Home' Scoop : Scoop 55 Autumn 2011 Contents 88 SCOOP Autumn 2011
PEOPLE Gary Gray
his Labor pedigree by marrying Deborah Walsh,
daughter of former Hawke finance minister
Peter Walsh. In 1993 he was appointed national
secretary of the ALP.
Gray is now doing what he calls the “fairly
dour” job of managing the logistics of government.
He’s increasingly referred to by those outside the
realm of politics as the voice of common sense.
He is frank, unsentimental and calls it as he sees it.
Recently, this life-long unionist called the leader of
the Electrical Trades Union “a gigantic fool”.
Gray defies the sug gestion he’s one of Labor’s
‘faceless’ powerbrokers, saying he revealed the
decisions that led to the removal of Rudd as leader
to Barrie Cassidy in his book The Party Thieves.
Gray doesn’t want to elaborate on what happened
other than to call it “a necessary political decision
the g overnment had to make”.
Gray had been increasingly frustrated with
Rudd’s leadership. When the then prime minister
lost his cool over questioning about the home
insulation scandal during a 7.30 Report inter view
in 2010, Gray and his colleagues were prompted
to act. The subsequent demotion of environment
minister Peter Garrett proved the final straw. “For
Rudd and his office to position Garrett as the fall
guy was disgraceful, weak, sneaky, unprincipled
and just plain wrong,” he recounts to Cassidy.
Gray was already in the unenviable position
of having to defend the mining tax in WA. “The
original taxation structure didn’t recognise the
incredibly courag eous and creative effort that had
taken place out of WA, in particular to build a
magnetite market... from nothing,” he says.
They were tough days, he adds. “But you deal
with all of that in support of the broad objective,
which is a rational and proper taxation structure
for minerals. You don’t give in to the silliness that
minerals should not be taxed at all.”
Gray says there’s nothing to fear from the
boom and doesn’t subscribe to the view that it
advantages the few. “I’m a strong believer in a
mining economy and I take a lot of pride in the
investments in infrastructure that have been made
by successive governments of both persuasions
that helped build the state.”
It’s this no-nonsense approach that’s g aining
plaudits from both sides of the political divide. He
recently chaired a high-level g overnment taskforce
that recommended all-encompassing changes
to temporary migration, to make it easier for
companies to address worker shortages.
“What a lot of businesses do is simply stand
and wave their arms and they don’t engage,”
he says. “You have to engag e. You have to
talk and build a plan.” S
Gary Gray on...
She took the reins at a really difficult time
and has been prepared to do the hard yards.
She makes the personal sacrifice that
helps make the government work.
I’ve always had a high regard for Colin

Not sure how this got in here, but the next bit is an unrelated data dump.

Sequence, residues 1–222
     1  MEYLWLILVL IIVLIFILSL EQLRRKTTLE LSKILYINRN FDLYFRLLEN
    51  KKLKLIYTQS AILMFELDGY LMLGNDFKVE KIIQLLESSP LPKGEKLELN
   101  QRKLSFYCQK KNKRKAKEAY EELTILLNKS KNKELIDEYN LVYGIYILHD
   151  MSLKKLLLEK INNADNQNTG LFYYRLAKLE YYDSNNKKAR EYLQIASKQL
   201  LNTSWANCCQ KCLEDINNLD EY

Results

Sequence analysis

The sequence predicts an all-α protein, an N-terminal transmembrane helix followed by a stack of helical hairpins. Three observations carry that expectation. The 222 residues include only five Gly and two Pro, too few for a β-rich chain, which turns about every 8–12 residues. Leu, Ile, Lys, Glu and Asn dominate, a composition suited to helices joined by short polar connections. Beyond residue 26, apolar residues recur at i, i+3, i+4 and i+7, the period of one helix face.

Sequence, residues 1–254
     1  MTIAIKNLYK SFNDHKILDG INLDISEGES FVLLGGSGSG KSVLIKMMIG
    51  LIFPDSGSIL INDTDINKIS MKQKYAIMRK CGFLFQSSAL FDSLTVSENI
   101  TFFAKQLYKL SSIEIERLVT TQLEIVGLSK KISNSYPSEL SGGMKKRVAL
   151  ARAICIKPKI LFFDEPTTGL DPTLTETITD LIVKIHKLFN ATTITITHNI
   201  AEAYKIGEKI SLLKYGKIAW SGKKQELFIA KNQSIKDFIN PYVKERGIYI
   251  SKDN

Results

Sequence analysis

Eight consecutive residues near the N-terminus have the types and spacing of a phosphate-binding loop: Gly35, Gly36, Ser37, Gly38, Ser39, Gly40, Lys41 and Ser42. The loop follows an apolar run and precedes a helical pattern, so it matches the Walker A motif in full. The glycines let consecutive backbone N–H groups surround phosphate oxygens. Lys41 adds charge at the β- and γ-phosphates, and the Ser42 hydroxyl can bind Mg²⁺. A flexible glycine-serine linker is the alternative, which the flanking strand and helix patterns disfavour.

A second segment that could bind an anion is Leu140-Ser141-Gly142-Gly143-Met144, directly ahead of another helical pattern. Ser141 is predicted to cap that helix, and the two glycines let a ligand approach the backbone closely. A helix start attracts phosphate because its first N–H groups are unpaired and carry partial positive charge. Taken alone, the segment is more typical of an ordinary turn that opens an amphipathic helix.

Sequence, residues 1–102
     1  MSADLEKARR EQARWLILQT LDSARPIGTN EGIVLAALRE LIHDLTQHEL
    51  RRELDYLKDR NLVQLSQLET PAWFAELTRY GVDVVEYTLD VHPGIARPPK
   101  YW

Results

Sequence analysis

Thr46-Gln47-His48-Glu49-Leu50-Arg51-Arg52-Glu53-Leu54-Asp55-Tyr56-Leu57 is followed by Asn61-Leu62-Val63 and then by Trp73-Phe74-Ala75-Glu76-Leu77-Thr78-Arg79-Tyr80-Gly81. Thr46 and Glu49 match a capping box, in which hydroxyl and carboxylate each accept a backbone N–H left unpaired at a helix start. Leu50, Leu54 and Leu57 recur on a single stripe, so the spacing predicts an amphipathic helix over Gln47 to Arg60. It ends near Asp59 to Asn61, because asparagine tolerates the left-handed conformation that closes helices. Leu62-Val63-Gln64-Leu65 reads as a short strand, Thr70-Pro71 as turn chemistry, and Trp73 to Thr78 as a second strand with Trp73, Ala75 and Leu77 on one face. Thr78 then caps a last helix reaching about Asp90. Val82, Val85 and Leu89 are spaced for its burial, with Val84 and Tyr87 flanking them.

as an intellect and as a West Australian.
Colin has never wavered in his faith in
a modern, resource-based economy.
He was an outstanding treasurer. Eric
never had the funds to play with that
the current state government has.
Eric was the treasurer at a time of
declining state revenues and increasing
obligations and he managed his way
through that with massive skill.
He is a man who clearly wants to be the
prime minister. Tony is a different kind of
politician. He’s very much an aggressive,
conviction-politician. He’s a good person,
but I disagree with many of his views. His
lack of willingness to contemplate a flood
levy shows he doesn’t quite ‘get’ economics
or national leadership.
Paul and I often had our differences of
opinion, which we could express openly
between ourselves. I’ve always been one to
prefer clarity. And Paul was certainly one
who preferred clarity. His term as prime
minister is one that he can be proud of but
I always thought we could have done better.
In many ways, Peter is a disappointment.
He has a tremendous ability as a politician
but was never really able to rise up and make
it work for him at a time when he should
have been prepared to challenge John
Howard. And when John Howard needed
him to be prepared to do that, Peter wasn’t
prepared to do it. I’ve always seen Peter
as a man with a glass jaw.
His prime ministership was important for
Australia. Without his strength and incisive
decision-making we would not have been
able to keep Woodside as an Australian
company. Australians have a lot of respect
for John Howard, and politicians who don’t
understand that make a big mistake.
Bob is the greatest of our post-war prime
ministers. I don’t say that just because he’s
the Labor guy, I say it because he took the
really hard decisions that we needed to take
and I have tremendous regard for him.
Barnaby Joyce & Brendon Grylls
I think Barnaby’s a genuine disappointment.
There is a place for insightful, creative,
strong members of the National Party and
I think Brendon Grylls does that. He’s a
thoughtful, hard-working member of a
party that he has breathed new life into.
I see Barnaby as being one of the forces
that sucks the life out of that party.
“Frank and unsentimental, this
life-long unionist recently called
a union leader ‘a gigantic fool’”
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